Focus on Transfer Recruiting

There are 28 community colleges throughout Michigan.

Each year, universities put time and money into recruiting outstanding students; for most, it is a top priority. Vying for students to increase enrollment as state funding declines, colleges and universities are continuously looking at ways to improve recruiting efforts and retention. One way the Haworth College of Business is finding success is through efforts at building relationships with community colleges, which this year has paid off in increased transfer enrollments.

Historically competitors for first-year students, the college of business and many Michigan community colleges are now working together to simplify transfer enrollment and encourage dual-enrollment, making the transition from a community college to a 4-year institution seamless.

“Transfer articulation agreements between institutions are the most prevalent form of cooperation,” says Dr. Christina Stamper, associate dean of undergraduate programs in the college of business. “The university and community college agree about which courses—usually freshmen- and sophomore-level courses—are equivalent and can transfer from the community college to the university, to help the student earn a 4-year degree.”  Recent reverse articulation agreements also facilitate students’ use of credits from WMU to complete an associate’s degree, even after transferring.

Hildenbrand

Stamper notes that articulation agreements are just one way to strengthen relations with community colleges. Recognizing a need for building deeper relationships, the college appointed a community college recruiter. That new community college recruiter, Paul Hildenbrand, earned a Make-a-Difference award from the University highlighting his successes at increasing transfer enrollment and developing relationships with community colleges during his first year in the position. This fall the college enrolled 350 transfer business students, an increase of 5.2%, a small but significant increase. Noting a decline in enrollment at Michigan community colleges and a continuing decline in the number of high school graduates in Michigan, Stamper says a dedicated advisor for this area was needed to remain competitive.

“Relationships with the community colleges extend to potential transfer students. I provide on-site advising at numerous colleges and help ensure a smooth transition,” says Hildenbrand. “Educating potential students on the transfer process helps alleviate many concerns. For example, the most common misconception involves registration. Community colleges typically require tuition payment within 48 hours of registration, so many transfer students do not register early enough at WMU to get their ideal schedule. Assuring them that payment is not due immediately and that WMU classes are never dropped because of non-payment, promotes earlier registration and a more satisfied customer.”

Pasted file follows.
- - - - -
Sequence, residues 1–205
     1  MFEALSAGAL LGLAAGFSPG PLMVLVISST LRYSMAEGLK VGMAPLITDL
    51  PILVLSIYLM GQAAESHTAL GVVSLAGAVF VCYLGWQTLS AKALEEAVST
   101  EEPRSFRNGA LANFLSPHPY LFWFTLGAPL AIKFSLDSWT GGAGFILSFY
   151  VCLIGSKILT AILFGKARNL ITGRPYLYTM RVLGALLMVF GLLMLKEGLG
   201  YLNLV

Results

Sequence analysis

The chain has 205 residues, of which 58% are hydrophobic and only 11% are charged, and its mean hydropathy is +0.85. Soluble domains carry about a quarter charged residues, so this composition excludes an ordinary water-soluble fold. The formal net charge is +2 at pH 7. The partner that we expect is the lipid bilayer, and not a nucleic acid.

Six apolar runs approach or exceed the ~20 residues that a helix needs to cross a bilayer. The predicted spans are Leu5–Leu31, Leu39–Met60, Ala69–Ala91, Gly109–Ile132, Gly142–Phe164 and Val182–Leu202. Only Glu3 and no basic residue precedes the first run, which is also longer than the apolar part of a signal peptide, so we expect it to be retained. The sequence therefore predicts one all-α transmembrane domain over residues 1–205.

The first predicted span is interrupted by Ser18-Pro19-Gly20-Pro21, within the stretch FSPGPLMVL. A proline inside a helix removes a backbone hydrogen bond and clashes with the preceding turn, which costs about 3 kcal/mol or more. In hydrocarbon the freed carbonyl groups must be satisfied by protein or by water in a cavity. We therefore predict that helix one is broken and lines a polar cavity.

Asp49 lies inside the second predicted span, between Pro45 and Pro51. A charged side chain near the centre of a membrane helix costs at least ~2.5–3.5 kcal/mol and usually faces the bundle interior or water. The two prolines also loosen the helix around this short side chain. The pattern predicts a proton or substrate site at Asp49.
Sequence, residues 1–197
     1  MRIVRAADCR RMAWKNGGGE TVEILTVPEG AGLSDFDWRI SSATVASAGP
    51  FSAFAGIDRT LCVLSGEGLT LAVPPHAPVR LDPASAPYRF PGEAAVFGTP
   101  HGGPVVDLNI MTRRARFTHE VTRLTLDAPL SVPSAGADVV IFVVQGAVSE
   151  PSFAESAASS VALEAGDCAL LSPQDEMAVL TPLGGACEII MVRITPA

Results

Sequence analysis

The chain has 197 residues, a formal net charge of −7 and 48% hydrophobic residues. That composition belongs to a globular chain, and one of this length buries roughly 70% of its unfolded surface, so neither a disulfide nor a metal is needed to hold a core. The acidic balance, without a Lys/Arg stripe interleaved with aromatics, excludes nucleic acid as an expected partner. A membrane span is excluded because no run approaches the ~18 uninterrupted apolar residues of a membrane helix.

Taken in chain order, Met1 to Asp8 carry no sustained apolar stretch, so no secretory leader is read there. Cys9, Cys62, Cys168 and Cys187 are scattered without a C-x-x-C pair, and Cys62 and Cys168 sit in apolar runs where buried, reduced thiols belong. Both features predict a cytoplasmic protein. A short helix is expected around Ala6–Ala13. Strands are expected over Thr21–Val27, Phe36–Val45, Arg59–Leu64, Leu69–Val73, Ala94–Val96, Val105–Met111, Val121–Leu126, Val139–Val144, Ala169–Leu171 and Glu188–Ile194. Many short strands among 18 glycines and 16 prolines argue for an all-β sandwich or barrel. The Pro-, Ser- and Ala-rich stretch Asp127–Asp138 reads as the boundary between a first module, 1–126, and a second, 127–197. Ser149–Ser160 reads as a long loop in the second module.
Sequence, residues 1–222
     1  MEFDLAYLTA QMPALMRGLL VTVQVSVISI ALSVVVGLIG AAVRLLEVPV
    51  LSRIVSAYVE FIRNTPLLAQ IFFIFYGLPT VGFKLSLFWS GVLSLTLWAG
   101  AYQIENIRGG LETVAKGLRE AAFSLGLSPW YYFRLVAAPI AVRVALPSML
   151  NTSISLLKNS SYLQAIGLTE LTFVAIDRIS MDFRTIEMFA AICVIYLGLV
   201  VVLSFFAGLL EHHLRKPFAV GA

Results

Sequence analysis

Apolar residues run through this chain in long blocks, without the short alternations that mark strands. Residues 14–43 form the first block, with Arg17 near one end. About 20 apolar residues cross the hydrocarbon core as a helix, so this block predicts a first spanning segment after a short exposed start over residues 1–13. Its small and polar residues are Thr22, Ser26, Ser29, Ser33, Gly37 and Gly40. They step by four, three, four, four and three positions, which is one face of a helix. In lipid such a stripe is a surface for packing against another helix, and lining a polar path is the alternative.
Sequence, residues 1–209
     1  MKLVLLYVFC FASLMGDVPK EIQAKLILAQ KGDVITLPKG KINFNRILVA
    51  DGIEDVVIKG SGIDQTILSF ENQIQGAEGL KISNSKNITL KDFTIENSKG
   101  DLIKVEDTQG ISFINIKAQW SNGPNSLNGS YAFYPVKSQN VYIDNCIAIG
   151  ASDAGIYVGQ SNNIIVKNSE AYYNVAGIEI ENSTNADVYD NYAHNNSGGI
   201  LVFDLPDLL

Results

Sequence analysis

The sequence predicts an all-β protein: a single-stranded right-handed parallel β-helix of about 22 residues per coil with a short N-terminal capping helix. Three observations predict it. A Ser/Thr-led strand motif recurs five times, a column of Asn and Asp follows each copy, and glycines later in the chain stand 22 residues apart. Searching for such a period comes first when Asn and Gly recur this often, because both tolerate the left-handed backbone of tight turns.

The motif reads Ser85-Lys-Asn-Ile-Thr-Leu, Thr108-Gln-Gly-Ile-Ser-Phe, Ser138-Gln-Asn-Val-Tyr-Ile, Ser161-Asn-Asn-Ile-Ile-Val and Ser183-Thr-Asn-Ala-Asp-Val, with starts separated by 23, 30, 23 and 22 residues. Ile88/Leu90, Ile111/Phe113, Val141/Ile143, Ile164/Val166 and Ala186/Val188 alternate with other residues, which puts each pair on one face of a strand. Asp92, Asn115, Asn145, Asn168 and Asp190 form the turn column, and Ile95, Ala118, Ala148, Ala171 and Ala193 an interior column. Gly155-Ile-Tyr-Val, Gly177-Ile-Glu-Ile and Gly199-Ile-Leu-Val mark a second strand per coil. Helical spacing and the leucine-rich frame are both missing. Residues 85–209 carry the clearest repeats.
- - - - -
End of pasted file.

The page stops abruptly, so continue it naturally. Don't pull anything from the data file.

Hildenbrand has received positive feedback from his efforts, which includes meeting with hundreds of students around the state. He contacts each admitted student prior to visiting a community college, offering advising and providing transfer guides. “The community college administrators are glad that they have one person who they know students can contact any time,” says Hildenbrand.

While efforts at encouraging transfer enrollment continue, the college and the University are looking creatively at ways to attract more students, especially in light of the decreasing high school population in Michigan. In his State of the University address, John M. Dunn, president of WMU, said that the University is increasing its efforts in reaching out to non-resident students. Citing the relative ease with which a student can gain residency in Michigan after one year, Dunn says “the initial sticker shock (of out-of-state costs) may be the obstacle and we have to look at that very thoughtfully and carefully.”

Dr. Kay Palan, dean, notes that the college of business is also working outside Michigan. “We have dedicated more resources not only to recruiting transfer students but also to recruiting first-year students and international students,” says Palan. “For the college, it is important that we have a talented and diverse student body. We must be attuned to changing demographics and innovative ways to connect with talented students, and we must consistently evaluate our efforts. Taking a strategic and future-oriented approach to recruitment ensures the vibrancy and health of the college, not just in this recruitment year but for years to come.”

By the numbers

  • Of the 1,730 transfer students that enrolled at WMU, 70% are from Michigan community colleges with an average transfer GPA of 3.0.
  • 326 students transferred into the Haworth College of Business in fall 2013. 64 of these were undecided of a specific business major. Hildebrand says he assists students in this area, sharing the college’s detailed information about coursework and careers with students he advises.